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AlmondSauce16010336dThe .net and Java ecosystems are way more similar than the COBOL and Java ecosystems - if you use one, I wouldn't worry about not being able to catch up with the other if you need to.
I'd be weary of option 1 personally, it's always human nature to look back on these things with rose tinted glasses somewhat, and you could damage, rather than build your current relationships. Options 2 or 3 sound like they have potential. I'd listen to what option 3 has to say then go from there.
jeeper5833336dOption 2 seems like a no brainer to me. Just use what you know in the latest form until you decide you want to do something new or find something with an attribute that sets it apart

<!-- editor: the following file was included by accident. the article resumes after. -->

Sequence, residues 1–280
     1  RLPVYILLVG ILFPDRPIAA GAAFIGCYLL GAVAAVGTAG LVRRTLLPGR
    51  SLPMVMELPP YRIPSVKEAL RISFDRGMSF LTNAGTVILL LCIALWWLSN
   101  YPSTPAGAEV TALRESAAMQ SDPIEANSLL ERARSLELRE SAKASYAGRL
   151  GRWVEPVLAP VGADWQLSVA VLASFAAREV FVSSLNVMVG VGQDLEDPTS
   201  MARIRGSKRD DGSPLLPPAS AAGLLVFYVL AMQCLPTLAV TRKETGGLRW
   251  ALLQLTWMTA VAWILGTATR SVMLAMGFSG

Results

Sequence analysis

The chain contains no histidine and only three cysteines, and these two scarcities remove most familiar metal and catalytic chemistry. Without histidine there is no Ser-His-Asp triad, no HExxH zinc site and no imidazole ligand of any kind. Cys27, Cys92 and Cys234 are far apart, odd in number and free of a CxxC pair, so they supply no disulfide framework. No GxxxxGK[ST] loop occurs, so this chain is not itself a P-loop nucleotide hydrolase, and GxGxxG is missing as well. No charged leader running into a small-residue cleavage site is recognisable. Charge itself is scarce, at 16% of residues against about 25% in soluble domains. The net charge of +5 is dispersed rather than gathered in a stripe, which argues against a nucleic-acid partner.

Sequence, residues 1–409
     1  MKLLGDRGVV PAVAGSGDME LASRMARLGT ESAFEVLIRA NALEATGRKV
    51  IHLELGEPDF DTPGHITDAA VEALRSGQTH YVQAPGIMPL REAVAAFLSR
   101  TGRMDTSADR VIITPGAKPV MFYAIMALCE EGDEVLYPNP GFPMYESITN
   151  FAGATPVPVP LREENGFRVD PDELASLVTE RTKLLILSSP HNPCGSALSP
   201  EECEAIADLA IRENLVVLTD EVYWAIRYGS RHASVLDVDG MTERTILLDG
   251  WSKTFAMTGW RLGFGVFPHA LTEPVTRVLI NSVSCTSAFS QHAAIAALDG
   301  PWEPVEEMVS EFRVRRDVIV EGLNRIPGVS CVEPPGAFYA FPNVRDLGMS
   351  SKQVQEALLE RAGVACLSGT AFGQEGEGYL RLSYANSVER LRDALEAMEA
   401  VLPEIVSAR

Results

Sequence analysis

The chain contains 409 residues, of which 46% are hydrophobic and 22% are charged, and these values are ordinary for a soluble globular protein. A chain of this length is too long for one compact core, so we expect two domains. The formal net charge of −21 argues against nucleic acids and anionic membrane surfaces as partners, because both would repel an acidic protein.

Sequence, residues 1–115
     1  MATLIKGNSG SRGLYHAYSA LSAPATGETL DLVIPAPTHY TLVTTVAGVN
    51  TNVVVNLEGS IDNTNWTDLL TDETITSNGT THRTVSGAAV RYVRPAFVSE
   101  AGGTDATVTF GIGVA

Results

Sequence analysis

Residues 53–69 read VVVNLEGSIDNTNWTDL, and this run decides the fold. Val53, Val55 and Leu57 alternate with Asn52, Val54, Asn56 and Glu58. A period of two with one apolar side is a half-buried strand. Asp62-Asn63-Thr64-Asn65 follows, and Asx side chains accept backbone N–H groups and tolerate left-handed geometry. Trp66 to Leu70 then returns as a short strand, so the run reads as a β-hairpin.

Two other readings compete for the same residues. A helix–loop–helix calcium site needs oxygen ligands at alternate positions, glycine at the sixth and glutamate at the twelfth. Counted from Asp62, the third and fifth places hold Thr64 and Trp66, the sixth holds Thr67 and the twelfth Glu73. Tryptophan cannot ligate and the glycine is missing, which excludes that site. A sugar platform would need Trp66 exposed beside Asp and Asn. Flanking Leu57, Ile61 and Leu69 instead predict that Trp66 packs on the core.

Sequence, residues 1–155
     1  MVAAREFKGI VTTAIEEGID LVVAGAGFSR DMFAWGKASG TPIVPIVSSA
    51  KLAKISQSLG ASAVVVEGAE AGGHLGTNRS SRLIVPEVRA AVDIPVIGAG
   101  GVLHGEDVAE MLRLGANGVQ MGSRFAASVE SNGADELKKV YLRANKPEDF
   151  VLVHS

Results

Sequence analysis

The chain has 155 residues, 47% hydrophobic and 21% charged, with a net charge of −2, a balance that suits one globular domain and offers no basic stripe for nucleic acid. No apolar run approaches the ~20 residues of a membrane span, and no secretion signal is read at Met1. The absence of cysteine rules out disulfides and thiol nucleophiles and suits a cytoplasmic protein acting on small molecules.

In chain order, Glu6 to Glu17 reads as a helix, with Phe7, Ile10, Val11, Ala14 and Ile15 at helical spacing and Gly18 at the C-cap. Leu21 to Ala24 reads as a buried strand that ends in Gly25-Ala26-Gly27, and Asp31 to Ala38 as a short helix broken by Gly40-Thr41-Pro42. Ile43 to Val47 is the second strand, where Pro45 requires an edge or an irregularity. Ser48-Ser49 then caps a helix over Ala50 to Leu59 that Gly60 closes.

I'm definitely in the same boat here with my recommendation. Going back to an old job doesn't seem like you're really "growing", but just wanting back an old comfort. Unfortunately for me, I've never really left a company on good terms so it's easy for me to think that way, but my advice is to avoid looking back and to always look forward -- new places bring new opportunities, new networks and people. You can always switch again if it doesn't work out.
@prodigy214 going back to a previous company is something I’ve done before.
(It wasn’t at any of these options I’ve got now)
Second time with them turned out the be the best job I’ve ever had. The company was starting to adopt agile when I went back and were recruiting lots of new people so it was familiar but very different to the first time.
Hols at option 1 are 25 forever.
Option 2, 25 and go up to 30 after 5 years.
Option 3, 26 and go up to 30. (not sure how fast).
So all pretty similar to start with.
gosubinit4201335dIf salaries are similar, go for the technologies you want your carrer to move towards. Even if you leave in a year or two, the xp will remain in you CV and will count for getting other jobs.
@prodigy214 sorry. It’s just your annual leave entitlement. The number of holidays you can take